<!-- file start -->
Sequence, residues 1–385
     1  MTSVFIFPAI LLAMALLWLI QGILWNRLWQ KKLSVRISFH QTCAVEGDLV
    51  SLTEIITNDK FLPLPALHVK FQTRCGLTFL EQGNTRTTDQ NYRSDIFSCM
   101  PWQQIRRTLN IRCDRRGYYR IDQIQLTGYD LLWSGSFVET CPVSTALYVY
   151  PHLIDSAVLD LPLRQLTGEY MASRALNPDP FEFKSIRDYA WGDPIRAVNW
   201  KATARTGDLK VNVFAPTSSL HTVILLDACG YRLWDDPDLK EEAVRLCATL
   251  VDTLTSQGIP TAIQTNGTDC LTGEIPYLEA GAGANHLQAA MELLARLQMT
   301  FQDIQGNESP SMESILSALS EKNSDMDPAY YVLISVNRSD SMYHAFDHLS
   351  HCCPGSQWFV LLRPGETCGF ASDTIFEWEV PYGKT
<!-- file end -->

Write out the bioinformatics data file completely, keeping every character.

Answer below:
Sequence, residues 1–385
     1  MTSVFIFPAI LLAMALLWLI QGILWNRLWQ KKLSVRISFH QTCAVEGDLV
    51  SLTEIITNDK FLPLPALHVK FQTRCGLTFL EQGNTRTTDQ NYRSDIFSCM
   101  PWQQIRRTLN IRCDRRGYYR IDQIQLTGYD LLWSGSFVET CPVSTALYVY
   151  PHLIDSAVLD LPLRQLTGEY MASRALNPDP FEFKSIRDYA WGDPIRAVNW
   201  KATARTGDLK VNVFAPTSSL HTVILLDACG YRLWDDPDLK EEAVRLCATL
   251  VDTLTSQGIP TAIQTNGTDC LTGEIPYLEA GAGANHLQAA MELLARLQMT
   301  FQDIQGNESP SMESILSALS EKNSDMDPAY YVLISVNRSD SMYHAFDHLS
   351  HCCPGSQWFV LLRPGETCGF ASDTIFEWEV PYGKT